Expériences et observations sur l'électricité faites à Philadelphie en Amérique

By Benjamin Franklin

Page 107

de cuivre, dont le fléau ait au moins 2. pieds de longueur, de
manière que les bassins attachés à des cordons de soye soient environ à
un pied de terre, ces bassins tourneront circulairement par le
détortillement de la ficelle. Si l'on plante sur le plancher un poinçon
de métal, dont la tête soit arrondie & polie, de façon que les bassins
puissent passer pardessus en décrivant leur cercle; si dans cet état on
électrise un des bassins en lui appliquant le fil-d'archal de la
bouteille électrique, on verra ce bassin s'abaisser en passant sur le
poinçon, & même décharger son feu sur cet instrument, s'il est à une
distance convenable.

Si après cela on attache une aiguille la pointe en haut sur le plancher
auprès du poinçon, la tête de cet instrument, loin d'attirer comme
auparavant le bassin électrisé, semblera le repousser, parce que la
pointe de l'aiguille, quoique beaucoup plus basse, aura tiré le feu
électrique dont le bassin étoit chargé, avant qu'il soit venu à portée
d'être attiré par la tête du poinçon.

Ces deux bassins peuvent nous représenter deux nuages, l'un un nuage de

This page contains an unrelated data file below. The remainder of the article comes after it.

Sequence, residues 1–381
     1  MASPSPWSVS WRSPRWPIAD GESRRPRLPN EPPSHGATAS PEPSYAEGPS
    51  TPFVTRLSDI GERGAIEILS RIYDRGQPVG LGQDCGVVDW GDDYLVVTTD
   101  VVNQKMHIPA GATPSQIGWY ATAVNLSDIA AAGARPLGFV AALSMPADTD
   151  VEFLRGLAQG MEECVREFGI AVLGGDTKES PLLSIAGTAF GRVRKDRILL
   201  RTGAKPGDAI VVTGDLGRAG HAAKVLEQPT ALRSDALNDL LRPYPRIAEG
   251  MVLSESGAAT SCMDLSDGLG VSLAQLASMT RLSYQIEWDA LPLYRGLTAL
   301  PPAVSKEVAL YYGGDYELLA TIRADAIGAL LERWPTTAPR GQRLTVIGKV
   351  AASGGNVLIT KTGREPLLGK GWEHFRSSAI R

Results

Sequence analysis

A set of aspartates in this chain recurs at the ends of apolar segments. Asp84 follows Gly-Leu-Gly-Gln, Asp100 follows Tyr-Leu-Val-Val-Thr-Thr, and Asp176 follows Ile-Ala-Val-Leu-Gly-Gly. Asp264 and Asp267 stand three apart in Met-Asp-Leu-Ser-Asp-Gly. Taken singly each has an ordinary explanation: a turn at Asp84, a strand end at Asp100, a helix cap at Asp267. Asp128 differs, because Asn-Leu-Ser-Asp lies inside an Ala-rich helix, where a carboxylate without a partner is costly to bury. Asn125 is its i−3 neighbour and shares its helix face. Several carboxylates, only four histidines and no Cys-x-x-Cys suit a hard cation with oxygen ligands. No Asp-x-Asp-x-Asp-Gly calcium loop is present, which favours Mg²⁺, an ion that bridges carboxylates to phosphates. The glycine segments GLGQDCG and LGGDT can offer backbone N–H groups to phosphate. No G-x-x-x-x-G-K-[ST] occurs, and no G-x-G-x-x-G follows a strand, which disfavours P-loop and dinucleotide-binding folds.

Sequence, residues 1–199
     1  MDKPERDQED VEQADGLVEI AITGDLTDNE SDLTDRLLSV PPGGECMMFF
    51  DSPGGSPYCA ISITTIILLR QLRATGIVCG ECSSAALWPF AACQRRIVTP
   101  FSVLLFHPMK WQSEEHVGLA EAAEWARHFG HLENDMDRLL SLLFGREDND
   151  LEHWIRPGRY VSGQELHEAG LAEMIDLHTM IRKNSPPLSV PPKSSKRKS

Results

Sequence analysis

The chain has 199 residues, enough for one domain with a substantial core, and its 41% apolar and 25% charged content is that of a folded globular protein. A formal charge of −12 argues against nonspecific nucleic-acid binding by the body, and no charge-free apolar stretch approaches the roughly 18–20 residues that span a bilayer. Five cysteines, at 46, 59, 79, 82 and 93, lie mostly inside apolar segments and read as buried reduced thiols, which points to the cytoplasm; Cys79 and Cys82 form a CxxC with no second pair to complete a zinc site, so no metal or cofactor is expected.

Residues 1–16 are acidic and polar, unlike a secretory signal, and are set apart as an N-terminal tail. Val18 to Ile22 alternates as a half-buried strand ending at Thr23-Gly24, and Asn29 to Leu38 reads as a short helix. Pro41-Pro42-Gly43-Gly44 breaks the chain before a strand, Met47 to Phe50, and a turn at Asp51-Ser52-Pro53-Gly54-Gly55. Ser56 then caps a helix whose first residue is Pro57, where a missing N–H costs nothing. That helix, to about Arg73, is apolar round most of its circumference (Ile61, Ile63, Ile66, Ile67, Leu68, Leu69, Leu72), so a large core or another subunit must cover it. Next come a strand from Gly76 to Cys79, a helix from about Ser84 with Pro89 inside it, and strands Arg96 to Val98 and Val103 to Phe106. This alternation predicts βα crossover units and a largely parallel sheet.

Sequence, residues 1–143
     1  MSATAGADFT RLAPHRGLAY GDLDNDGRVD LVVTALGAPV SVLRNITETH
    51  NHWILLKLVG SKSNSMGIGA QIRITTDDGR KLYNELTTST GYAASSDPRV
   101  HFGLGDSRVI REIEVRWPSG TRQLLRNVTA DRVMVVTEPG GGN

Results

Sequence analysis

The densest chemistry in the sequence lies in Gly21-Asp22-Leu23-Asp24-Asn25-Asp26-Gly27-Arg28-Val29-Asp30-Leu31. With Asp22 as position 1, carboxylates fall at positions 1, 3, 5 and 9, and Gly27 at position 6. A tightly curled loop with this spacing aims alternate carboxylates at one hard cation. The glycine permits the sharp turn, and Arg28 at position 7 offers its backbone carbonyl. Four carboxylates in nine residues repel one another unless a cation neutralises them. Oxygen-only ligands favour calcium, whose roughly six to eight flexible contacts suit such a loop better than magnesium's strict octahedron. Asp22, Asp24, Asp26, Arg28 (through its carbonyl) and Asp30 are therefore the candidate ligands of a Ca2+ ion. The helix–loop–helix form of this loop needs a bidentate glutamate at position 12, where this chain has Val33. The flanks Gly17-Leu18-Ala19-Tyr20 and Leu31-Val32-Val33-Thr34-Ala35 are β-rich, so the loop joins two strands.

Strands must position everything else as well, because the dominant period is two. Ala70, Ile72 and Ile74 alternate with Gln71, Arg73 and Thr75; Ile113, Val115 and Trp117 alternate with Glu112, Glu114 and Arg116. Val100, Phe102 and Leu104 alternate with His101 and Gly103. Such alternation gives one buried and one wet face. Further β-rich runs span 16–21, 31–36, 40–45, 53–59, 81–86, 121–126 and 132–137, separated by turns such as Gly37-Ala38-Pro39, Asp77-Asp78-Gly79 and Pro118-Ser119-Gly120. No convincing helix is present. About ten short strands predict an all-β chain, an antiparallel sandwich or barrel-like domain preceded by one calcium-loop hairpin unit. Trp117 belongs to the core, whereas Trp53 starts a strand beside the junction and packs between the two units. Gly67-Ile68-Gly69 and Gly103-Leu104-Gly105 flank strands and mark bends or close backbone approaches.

mer, & l'autre un nuage de terre; leur mouvement horizontal sur le
plancher sera dans la même hypothèse, celui des nuages au-dessus de la
terre, & le poinçon élevé représentera une montagne, une éminence ou un
grand édifice; on comprendra alors comment les nuages électrisés, en
passant au-dessus des montagnes ou des bâtimens à une trop grande
hauteur pour les frapper, en peuvent être attirés jusqu'à la distance
qui leur est nécessaire pour cet effet.

Comme d'ailleurs l'aiguille fixée la pointe en haut sur le plancher au
dessous du poinçon tire en silence le feu électrique du bassin à une
distance beaucoup plus grande que la distance requise pour frapper, &
prévient ainsi la descente vers le poinçon: comme le bassin électrisé,
quand même il viendroit par son propre mouvement assez près pour
frapper, ne pourroit le faire, parce qu'il auroit alors été dépoüillé de
la plus grande partie de son feu: comme enfin dans ces deux cas le
poinçon seroit toujours garanti du choc, il est plus que probable que la
connoissance du pouvoir des pointes peut être d'un très-grand avantage à
l'humanité pour préserver des atteintes de la foudre des maisons, les
églises, les vaisseaux, &c.

Il ne s'agiroit, pour y parvenir, que de fixer perpendiculairement sur
les parties les plus élevées de ces édifices des verges de fer faites en
forme d'aiguilles, & dorées pour prévenir la rouille, & d'abaisser du
pied de ces verges, un fil-d'archal au dehors des bâtimens, jusqu'à ce
qu'il touchât la terre ou

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Text Comparison with The Autobiography of Benjamin Franklin

Page 2
Having emerged from the poverty and obscurity in which I was born and bred, to a state of affluence and some degree of reputation in the world, and having gone so far through life with a considerable share of felicity, the conducing means I made use of, which with the blessing of God so well succeeded, my posterity may like to know, as they may find some of them suitable to their own situations, and therefore fit to be imitated.